Busload of Maine moms heading to Washington with unanimous message from Maine Legislature and 2,500 petitions asking Congress to protect children’s health
Republican Senate President Kevin Raye and House Democratic Leader Emily Cain set aside partisan differences on Tuesday afternoon to send a group of Maine moms and activists to Washington DC with a message from the Maine Legislature calling on Congress to protect children’s health from dangerous chemicals in everyday products. Maine lawmakers unanimously passed a joint resolution on April 4th asking Congress to modernize the outdated and ineffective Toxic Substances Control Act of 1976 (TSCA). A busload of Maine moms will carry the message to Washington next week.
“I hope Congress will modernize the Toxic Substances Control Act in a bipartisan manner to require that the best science is used to ensure the safety of chemicals and to protect the health of vulnerable populations such as children,” stated Senator Raye (R-Washington).
“Dangerous chemicals don’t belong in our homes or everyday products,” added Representative Cain (D-Orono). “Maine families and businesses have the right to know that the products they use or sell are safe and free of dangerous toxins.”
Two dozen Maine moms and activists are participating in a nationwide “Stroller Brigade” for safe chemicals on May 22nd on the lawn of the US Capitol. They will join moms from around the country who are demanding action from Congress.
“This isn’t about Republicans or Democrats; this is about the health of our children and grandchildren,” stated Bettie Kettell, a nurse, grandmother, and breast cancer survivor from Durham. “I’m proud of what we’ve accomplished here in Maine, but we can’t solve this problem alone. It’s time to take Maine’s common sense approach to Washington.”
The Maine bus riders have challenged themselves to collect 2,500 petition signatures in just one week using Facebook, Twitter, and email blasts to their friends and family. Since starting their signature gathering efforts yesterday, their website has already collected over 1100 signatures. The riders will deliver their signatures and copies of the Maine Legislature’s resolution to Senators Snowe and Collins and Rep’s Michaud and Pingree, as well as to the desks of all other members of Congress.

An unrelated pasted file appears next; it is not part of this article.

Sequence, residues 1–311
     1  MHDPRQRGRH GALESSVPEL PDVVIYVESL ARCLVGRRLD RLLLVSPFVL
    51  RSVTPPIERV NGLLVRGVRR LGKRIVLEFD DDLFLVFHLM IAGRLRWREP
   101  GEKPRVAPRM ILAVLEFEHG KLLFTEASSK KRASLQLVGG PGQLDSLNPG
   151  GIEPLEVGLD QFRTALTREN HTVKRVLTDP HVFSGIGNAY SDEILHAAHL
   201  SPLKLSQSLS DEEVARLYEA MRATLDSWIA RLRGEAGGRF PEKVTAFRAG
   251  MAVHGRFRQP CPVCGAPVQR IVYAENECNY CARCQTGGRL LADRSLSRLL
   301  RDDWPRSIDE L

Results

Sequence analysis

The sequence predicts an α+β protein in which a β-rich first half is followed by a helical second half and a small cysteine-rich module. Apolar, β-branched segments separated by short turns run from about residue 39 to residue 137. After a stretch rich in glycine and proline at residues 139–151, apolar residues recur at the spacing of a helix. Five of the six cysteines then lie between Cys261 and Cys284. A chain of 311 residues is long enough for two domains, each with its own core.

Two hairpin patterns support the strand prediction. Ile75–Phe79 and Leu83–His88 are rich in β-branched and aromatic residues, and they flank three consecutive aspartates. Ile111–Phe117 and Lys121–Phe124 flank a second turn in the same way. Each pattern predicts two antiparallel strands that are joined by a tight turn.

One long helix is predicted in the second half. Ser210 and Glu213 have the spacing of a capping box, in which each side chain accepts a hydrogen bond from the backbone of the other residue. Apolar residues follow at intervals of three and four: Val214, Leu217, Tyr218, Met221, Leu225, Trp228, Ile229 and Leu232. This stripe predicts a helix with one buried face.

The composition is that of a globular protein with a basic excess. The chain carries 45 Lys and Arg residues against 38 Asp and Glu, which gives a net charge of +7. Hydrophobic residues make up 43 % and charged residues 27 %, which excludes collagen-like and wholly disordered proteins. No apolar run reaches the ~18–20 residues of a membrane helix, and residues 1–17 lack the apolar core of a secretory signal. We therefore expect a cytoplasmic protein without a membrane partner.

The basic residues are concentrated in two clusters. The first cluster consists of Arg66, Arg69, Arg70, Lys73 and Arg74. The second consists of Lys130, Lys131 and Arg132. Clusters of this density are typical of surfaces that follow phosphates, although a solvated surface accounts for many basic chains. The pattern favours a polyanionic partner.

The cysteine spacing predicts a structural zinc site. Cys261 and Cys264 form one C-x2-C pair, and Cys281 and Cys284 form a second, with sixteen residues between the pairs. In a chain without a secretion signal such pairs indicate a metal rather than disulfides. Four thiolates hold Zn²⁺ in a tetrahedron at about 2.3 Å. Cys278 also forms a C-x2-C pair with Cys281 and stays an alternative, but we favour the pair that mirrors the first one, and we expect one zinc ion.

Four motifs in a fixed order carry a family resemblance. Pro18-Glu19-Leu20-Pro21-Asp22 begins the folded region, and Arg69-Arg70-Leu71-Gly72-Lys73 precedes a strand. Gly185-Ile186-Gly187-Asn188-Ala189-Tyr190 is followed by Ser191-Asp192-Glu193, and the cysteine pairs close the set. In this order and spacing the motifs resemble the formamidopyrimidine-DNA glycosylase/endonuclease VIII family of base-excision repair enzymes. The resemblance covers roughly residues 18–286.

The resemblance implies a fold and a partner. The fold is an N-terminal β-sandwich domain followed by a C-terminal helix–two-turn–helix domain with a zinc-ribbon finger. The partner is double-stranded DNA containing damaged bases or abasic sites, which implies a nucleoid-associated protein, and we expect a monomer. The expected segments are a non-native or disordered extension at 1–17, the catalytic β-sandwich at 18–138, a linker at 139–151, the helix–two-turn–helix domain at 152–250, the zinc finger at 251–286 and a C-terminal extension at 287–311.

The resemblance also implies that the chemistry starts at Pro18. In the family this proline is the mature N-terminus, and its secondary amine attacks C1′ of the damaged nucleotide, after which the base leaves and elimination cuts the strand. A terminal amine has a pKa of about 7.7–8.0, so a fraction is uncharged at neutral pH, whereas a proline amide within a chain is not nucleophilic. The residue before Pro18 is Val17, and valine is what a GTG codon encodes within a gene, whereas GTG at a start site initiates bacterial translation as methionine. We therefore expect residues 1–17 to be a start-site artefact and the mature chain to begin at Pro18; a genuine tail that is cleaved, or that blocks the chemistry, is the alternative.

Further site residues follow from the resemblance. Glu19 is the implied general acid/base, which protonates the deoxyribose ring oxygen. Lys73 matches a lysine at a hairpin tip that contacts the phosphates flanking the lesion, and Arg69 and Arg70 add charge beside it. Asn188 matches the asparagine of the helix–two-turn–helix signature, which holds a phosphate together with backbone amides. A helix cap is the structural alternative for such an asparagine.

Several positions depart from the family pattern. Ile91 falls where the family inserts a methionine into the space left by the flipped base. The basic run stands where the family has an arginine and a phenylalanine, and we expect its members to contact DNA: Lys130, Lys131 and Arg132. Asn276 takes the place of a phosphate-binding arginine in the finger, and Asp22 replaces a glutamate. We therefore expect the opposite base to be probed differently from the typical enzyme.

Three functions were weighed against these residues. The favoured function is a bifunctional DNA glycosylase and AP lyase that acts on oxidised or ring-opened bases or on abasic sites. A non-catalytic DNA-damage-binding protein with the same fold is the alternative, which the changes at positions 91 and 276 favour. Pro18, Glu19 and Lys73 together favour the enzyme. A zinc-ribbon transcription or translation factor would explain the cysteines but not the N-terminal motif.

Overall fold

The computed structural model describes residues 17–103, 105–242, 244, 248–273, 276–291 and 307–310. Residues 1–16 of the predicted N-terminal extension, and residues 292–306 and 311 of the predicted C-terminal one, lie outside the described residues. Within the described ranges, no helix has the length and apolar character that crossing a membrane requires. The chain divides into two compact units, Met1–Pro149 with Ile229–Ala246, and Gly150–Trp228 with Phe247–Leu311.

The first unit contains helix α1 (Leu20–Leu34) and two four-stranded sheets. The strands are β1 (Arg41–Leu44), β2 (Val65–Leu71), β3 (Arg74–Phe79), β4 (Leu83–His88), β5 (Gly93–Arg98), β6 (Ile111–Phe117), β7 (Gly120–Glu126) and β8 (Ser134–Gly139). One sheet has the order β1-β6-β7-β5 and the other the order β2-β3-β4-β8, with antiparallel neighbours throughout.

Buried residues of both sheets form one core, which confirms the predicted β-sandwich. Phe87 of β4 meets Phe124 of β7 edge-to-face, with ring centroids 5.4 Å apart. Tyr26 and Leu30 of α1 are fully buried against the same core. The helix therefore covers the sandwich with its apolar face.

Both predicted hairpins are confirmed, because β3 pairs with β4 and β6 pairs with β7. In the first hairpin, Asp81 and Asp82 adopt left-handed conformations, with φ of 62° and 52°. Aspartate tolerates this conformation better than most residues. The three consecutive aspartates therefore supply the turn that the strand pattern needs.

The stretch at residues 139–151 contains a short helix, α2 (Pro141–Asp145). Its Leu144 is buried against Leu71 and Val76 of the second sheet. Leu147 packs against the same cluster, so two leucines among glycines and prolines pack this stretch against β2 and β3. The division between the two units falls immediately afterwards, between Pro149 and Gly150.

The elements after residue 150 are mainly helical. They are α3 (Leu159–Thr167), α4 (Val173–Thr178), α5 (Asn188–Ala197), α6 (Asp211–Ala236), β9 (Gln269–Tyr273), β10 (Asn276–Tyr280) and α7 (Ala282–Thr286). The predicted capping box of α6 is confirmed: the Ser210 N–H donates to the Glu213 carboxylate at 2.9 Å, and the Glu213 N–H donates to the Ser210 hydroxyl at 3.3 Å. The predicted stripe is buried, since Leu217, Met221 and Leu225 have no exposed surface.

Maine moms have long expressed frustration at the lack of progress in overhauling the Toxic Substances Control Act. They say the 35-year-old federal law they say is outdated and ineffective at protecting children and adults from exposure to dangerous chemicals in everyday consumer products, and Congress needs to act.
“Senators Snowe and Collins have both acknowledged that the current federal law is inadequate, but progress is blocked while the chemical industry spends millions lobbying Congress,” said Samantha Sewall, a recent college graduate from Camden. “This is our health, this is our future, and we need to let our representatives know that âwe the people’s want to fix this broken system.”
For the first time, a bill to modernize the nation’s chemical safety system is being considered by a Senate Committee. The Safe Chemicals Act of 2011 (S. 847), introduced by Senator Frank Lautenberg (D-NJ), will be considered by the Environment and Public Works Committee later this month. Supporters say it will set right an upside-down system by requiring chemical companies to demonstrate the safety of their products using the best available science, creating market incentives for safer alternatives, and arming parents with the best information possible about chemicals in products that children use every day.
“When toxic chemicals show up in baby products, you know our federal safety system is badly broken,” said Mike Belliveau, President of the Environmental Health Strategy Center. “Until Congress passes the Safe Chemicals Act, the chemical industry foxes will be in charge of the chicken coop.”
Maine’s Senators have a unique opportunity to lead on this issue, because of the strong support at home for quick action on dangerous chemicals in household products, as well as their history of practical, bipartisan policy making. The delegation of Maine moms traveling to DC will meet personally with Senators Snowe and Collins and ask them to help break the gridlock in the Senate to allow the Safe Chemicals Act to move forward.
“The people of Maine are tired of feeling powerless to keep their families and the environment safe from dangerous chemicals,” said Abby King, Toxics Policy Advocate at the Natural Resources Council of Maine. “It’s time for lawmakers in Washington to put peoples’s safety ahead of chemical industry profits.”
As Republicans and Democrats return to the often contentious work of passing a budget and considering outstanding legislation, the moms and activists are making final plans for their three-day trip to Washington DC that will begin early Monday morning. They intend to keep their social media efforts going during the trip and will be sending back video clips, blog posts, and doing real-time interviews with their local newspapers, radio, and TV stations. After returning to Maine on May 23rd they hope to keep the conversation about safe chemicals going in their communities as the vote by the Environment and Public Works Committee gets closer.